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  • Writer's pictureRebecca

Defend Us Against Our Adversary

A friend sent me a book on prayer last week. I received it last Friday, the same day I'd written the prayer blog on Luke 18. I opened the book that night to look through the table of contents and to read a few pages before I went to bed. Guess where it started? Yes, with Luke 18. So I read the story of the persistent widow once again as it was the first thing printed in the book. That's as far as I got, for the actual words of the widow, her petition to the judge, caught my attention: "Get me justice for me from my adversary."

I realized that I had often skipped over her actual request while focusing on her persistence. But this time the Holy Spirit highlighted the request. This woman was harassed and weighed down by the injustice being done to her by some other person. She needed someone with authority to step in and correct the situation, to give her justice, to avenge her and get this enemy off her back. She needed the judge to end her oppression.

I read the story once more this morning, again paying particular attention to the widow's request. One of the simplest forms of Bible study that I have done, which yields amazing insights, is what I call a "tally mark study." All you do is write down any key words and then put a tally mark beside them as you come across the same word, form of the word, or synonym of the word when it's repeated throughout the passage. In this way, the theme of the passage emerges simply by the primary repeated words. I have had some of my greatest revelations of truth come through this simple method of Bible study.

Guess what the most repeated word of the story in Luke 18 is? Avenge. Four times. Some translations use the word justice for the first occurrence in verse 3; some use vengeance in one or more of the places. So I looked it up in Strong's Concordance. Sure enough it's the same word throughout: Avenge. It means to give justice, to vindicate one's right/make a right ruling, to protect or defend one person from another, to punish a person, to avenge for something.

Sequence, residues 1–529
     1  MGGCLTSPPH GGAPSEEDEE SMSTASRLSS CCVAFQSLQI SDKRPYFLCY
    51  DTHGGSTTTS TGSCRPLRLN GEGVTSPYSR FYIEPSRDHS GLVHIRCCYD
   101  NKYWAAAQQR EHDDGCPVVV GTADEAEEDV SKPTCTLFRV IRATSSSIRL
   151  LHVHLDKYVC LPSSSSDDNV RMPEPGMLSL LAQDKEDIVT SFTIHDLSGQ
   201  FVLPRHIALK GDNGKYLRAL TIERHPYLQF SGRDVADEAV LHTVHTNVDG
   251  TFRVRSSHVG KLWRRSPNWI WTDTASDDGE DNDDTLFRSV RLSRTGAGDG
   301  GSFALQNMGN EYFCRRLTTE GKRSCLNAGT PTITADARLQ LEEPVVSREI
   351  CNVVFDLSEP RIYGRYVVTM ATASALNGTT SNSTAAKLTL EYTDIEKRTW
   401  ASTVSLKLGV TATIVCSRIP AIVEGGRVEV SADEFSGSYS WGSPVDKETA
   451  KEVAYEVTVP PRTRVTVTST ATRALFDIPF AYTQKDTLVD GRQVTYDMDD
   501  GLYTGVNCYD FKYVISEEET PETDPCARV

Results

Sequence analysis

We too have an adversary. I think we lose sight of that. Because our needs and burdens seem and feel so tangible, so centered on things here on earth, whether it's other people we are having difficulties with or things we need or circumstances that are weighing us down, we forget the truth of Ephesians 6:11-12: "Put on the whole armor of God, that you may be able to stand against the wiles of the devil. For we do not wrestle against flesh and blood, but against principalities, against powers, against the rulers of the darkness of this age, against spiritual hosts of wickedness in the heavenly places."

Jesus is not just teaching here about persevering in prayer; He's giving us insight into the reality of the spiritual realm. We have an adversary who is MUCH stronger than we are and who is very oppressive—just like this poor widow had. God is a just judge. We can and must appeal to Him for justice, for relief from our adversary. We must cry out to Him day and night, as the widow kept coming, that we might be free of the spiritual oppressions we face. Whether our need is a financial burden, a relational burden, or a circumstantial burden, these are all oppressions that we face. We're not left to try to wrestle them out on our own, and they are not merely earthly. There are spiritual forces and powers behind them—that is the real enemy.

Oh, if we could only begin to see this! If we—if I—would learn to default immediately to this perspective whenever something is troubling me! If we could only take our focus off the immediate, tangible problem, to see the spiritual army arrayed against us and behind it all! We need Jesus Christ, the Captain of the Armies of the Lord and the Captain of our salvation (Hebrews 2:10), who has already defeated the devil and all his hordes, to come and do battle for us!

Picture this: You are entering into the courtroom of heaven (Hebrews 4:16). You walk down the aisle to the front where God, the perfectly righteous One, is the judge presiding on the bench. Jesus Christ is our defending attorney (I John 2:1). The prosecuting attorney is Satan, the accuser of the saints (Revelation 12:10). The court is in session. Satan has us bound under some oppression and is defending his right to do so, pointing his finger, making accusation after accusation to prove his right to keep us bound. We hear the accusations and we think, "He is right. I have done those things; I deserve this bondage, this oppression."

But Jesus Christ stands at our right hand and presents his defense. He advocates for us before the Judge, who is also now our Father, thanks to our defending Attorney. We are His; none of those accusations can hold up in court because, He argues on our behalf, His defendant's debt has already been paid. For someone to have to pay for the same crime twice is not just. And He shows His hands. The Judge bangs down His gavel: "Case dismissed. Free the defendant from the oppression of this tyrant."

This is how we need to pray. We are advocating against the enemy behind all of life's oppressions and pleading with our just God to be avenged. This is what Jesus is teaching us in this parable. This is what He wants to open our eyes to.

What are you burdened with? Take it to the courtroom of heaven and present it there with Christ at your side. Ask to be avenged of your adversary, whatever form his oppression may take. Don't back down, no matter how long it takes, no matter how many accusations are thrown at you from the enemy. Keep asking. When our cause is right, our needs legitimate, our desires in line with the truth, justice will be given.

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